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I have no intention of imitating those intemperate advocates of temperance who frighten people by their thunderous and extravagant denunciations; I leave high moral considerations on one side for the present, and our discussion will be purely practical, and, if possible, helpful. The duty of helpful men and women is not to rave about horrors and failures and misfortunes, but to aim coolly at remedial measures; and I am firmly convinced that such remedial measures can be employed only by private effort. State interference is always to be deprecated; individual action alone has power to better the condition of our sorely-tempted race. With sorrow too keen for words, I hear of blighted homes, intellects abased, children starved, careers wrecked, wives made wretched, crime fostered; and I fully sympathize with the men and women who are stung into wild speech by the sight of a curse that seems all-powerful in Britain. But I prefer to cultivate a sedate and scientific attitude of mind; I do not want to repeat catalogues of evils; I want to point out ways whereby the intemperate may be cured. Above all, I wish to abate the panic which paralyzes the minds of some afflicted people, and which causes them to regard a drunkard or even a tippler as a hopeless victim. “Hopeless” is a word used by ignorant persons, by cowards, and by fools. When I hear some mourner say, “Alas! we can do nothing with him–he is a slave!” I feel impelled to reply, “What do you know about it? Have you given yourself the trouble to do more than preach? Listen, and follow the simple directions which I lay down for you.”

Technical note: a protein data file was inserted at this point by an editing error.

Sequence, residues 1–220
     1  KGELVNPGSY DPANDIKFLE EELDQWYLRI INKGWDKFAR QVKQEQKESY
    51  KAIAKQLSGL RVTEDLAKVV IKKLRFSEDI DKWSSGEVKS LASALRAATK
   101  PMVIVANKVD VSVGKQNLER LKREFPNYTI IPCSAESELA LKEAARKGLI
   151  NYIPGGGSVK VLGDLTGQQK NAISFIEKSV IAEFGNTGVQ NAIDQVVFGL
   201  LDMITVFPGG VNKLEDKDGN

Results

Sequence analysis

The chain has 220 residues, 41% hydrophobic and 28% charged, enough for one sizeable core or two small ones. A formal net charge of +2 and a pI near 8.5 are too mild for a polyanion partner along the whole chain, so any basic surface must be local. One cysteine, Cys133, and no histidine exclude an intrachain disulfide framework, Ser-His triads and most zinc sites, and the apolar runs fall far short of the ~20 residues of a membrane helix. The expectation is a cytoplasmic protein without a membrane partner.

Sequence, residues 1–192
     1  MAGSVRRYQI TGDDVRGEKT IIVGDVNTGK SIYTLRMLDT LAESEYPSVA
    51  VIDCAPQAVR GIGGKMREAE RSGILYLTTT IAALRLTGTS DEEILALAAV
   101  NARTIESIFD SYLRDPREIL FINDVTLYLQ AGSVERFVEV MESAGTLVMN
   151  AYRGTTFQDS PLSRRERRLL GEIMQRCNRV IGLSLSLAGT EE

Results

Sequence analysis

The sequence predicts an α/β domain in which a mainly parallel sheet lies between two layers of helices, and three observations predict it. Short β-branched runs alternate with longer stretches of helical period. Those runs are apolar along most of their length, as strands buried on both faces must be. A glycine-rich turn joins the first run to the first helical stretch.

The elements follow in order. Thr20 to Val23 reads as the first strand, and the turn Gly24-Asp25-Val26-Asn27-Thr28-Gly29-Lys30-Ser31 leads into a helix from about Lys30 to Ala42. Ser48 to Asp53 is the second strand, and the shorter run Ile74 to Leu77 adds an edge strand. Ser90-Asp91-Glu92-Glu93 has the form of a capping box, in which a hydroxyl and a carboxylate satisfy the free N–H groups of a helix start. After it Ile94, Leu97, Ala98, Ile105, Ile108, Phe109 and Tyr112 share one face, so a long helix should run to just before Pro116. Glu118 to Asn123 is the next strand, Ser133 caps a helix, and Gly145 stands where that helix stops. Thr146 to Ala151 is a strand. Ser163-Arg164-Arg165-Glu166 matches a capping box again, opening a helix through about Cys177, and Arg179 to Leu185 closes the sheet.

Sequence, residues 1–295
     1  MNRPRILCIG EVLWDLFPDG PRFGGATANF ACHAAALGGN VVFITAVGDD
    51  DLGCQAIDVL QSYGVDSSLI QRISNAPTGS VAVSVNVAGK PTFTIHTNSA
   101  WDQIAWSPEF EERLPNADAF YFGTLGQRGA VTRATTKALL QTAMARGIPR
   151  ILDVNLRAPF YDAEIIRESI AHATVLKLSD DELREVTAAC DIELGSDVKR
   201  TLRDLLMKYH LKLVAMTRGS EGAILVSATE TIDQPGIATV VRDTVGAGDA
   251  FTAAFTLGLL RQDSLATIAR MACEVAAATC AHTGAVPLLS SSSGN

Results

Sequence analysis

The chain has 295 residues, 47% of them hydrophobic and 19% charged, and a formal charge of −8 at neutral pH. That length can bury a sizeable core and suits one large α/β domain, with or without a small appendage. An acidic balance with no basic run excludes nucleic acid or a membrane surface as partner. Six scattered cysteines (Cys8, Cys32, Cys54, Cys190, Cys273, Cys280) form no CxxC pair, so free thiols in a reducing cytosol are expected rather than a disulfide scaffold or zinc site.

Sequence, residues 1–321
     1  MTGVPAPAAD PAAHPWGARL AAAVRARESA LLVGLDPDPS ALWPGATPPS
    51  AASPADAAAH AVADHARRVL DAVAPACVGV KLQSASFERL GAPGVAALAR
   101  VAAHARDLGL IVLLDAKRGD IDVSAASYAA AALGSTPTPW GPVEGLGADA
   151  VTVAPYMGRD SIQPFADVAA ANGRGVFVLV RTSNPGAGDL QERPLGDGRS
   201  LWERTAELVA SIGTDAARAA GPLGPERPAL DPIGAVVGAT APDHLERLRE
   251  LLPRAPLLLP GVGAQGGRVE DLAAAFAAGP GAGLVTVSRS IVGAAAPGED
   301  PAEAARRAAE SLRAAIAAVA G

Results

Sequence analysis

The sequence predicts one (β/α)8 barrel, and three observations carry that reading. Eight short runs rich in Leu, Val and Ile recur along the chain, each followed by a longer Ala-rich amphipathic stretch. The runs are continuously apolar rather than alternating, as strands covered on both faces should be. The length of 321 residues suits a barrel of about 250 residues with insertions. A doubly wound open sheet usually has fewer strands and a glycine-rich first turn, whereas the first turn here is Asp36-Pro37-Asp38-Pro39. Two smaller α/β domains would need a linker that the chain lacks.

First, I deal with the unhappy beings who are called periodical drinkers. These are generally men who possess great ability and a capacity for severe stretches of labour. They may be artists, writers, men of business, mechanicians–anything; but in nearly every case some special faculty of brain is developed to an extraordinary degree, and the man is able to put forth the most strenuous exertions at a pinch. Let us name some typical examples. Turner was a man of phenomenal industry, but at intervals his temperament craved for some excitement more violent and distracting than any that he could get from the steady strain of daily work. He used to go away to Wapping, and spend weeks in the filthiest debauch with the lowest characters in London. None of his companions guessed who he was; they only knew that he had more money than they had, and that he behaved in a more bestial manner than any of those who frequented the “Fox under the Hill” and other pleasing hostelries. Turner pursued his reckless career, till his money was gone, and then he returned to his gruesome den and proceeded to turn out artistic prodigies until the fit came upon him once more. Benvenuto Cellini was subject to similar paroxysms, during which he behaved like a maniac. Our own novelist Bulwer Lytton disappeared at times, and plunged into the wildest excesses among wretches whom he would have loathed when he was in his normal state of mind. He used to dress himself as a navvy, or as a sailor, and no one would have recognized the weird intellectual face when the great writer was clad in rags, and when the brutal mask of intoxication had fallen over his face. It was during his recovery from one of these terrible visitations that he drove the woman whom he most loved from his house, and brought on that breach which resulted in irreparable misery. Poor George Morland, the painter, had wild spells of debauch, during which he spent his time in boxing-saloons among ruffianly prize-fighters and jockeys. His vice grew upon him, his mad fits became more and more frequent, and at last his exquisite work could be produced only when his nerve was temporarily steadied by copious doses of brandy. Keats, who “worshipped Beauty,” was afflicted by seizures like those of Turner and Morland. On one occasion he remained in a state of drunkenness for six weeks; and it is a wonder that his marvellous mind retained its freshness at all after the poison had passed from amid the delicate tissues of the brain. He conquered himself at last; but I fear that his health was impaired by his few mad outbursts. Charles Lamb, who is dear to us all, reduced himself to a pitiable state by giving way to outbreaks of alcoholic craving. When Carlyle saw him, the unhappy essayist was semi-imbecile from the effects of drink; and the savage Scotsman wrote some cruel words which will unfortunately cleave to Lamb’s cherished memory for long. Lamb fought against his failing; he suffered agonies of remorse; he bitterly blamed himself for “buying days of misery by nights of madness;” but the sweet soul was enchained, and no struggles availed to work a blessed transformation. Read his “Confessions of a Drunkard.” It is the most awful chapter in English literature, for it is written out of the agony of a pure and well-meaning mind, and its tortured phrases seem to cry out from the page that holds their misery. We are placed face to face with a dread aspect of life, and the remorseless artist paints his own pitiable case as though he longed to save his fellow-creatures even at the expense of his own self-abasement. All these afflicted creatures sought the wrong remedy for the exhaustion and the nameless craving that beset them when they were spent with toil. The periodic drinker takes his dive into the sensual mud-bath just at the times when eager exertion has brought on lassitude of body and mind. He begins by timidly drinking a little of the deleterious stuff, and he finds that his mental images grow bright and pleasant. A moment comes to him when he would not change places with the princes of the earth, and he endeavours to make that moment last long. He fails, and only succeeds in dropping into drunkenness. On the morning after his first day he feels depressed; but his biliary processes are undisturbed, and he is able to begin again without any sense of nausea. His quantity is increased until he gradually reaches the point when glasses of spirits are poured down with feverish rapidity. His appetite is sometimes voracious, sometimes capricious, sometimes absent altogether. His stomach becomes ulcerated, and he can obtain release from the grinding uneasiness only by feeding the inflamed organ with more and more alcohol. The liver ceases to act healthily, the blood becomes charged with bile, and one morning the wretch awakes feeling that life is not worth having. He has slept like a log; but all night through his outraged brain has avenged itself by calling up crowds of hideous dreams. The blood-vessels of the eye are charged with bilious particles, and these intruding specks give rise to fearful, exaggerated images of things that never yet were seen on sea or land. Grim faces leer at the dreamer and make mock of him; frightful animals pass in procession before him; and hosts of incoherent words are jabbered in his ear by unholy voices. He wakes, limp, exhausted, trembling, nauseated, and he feels as if he must choose between suicide and–more drink. If he drinks at this stage, he is lost; and then is the time to fix upon him and draw him by main force from the slough.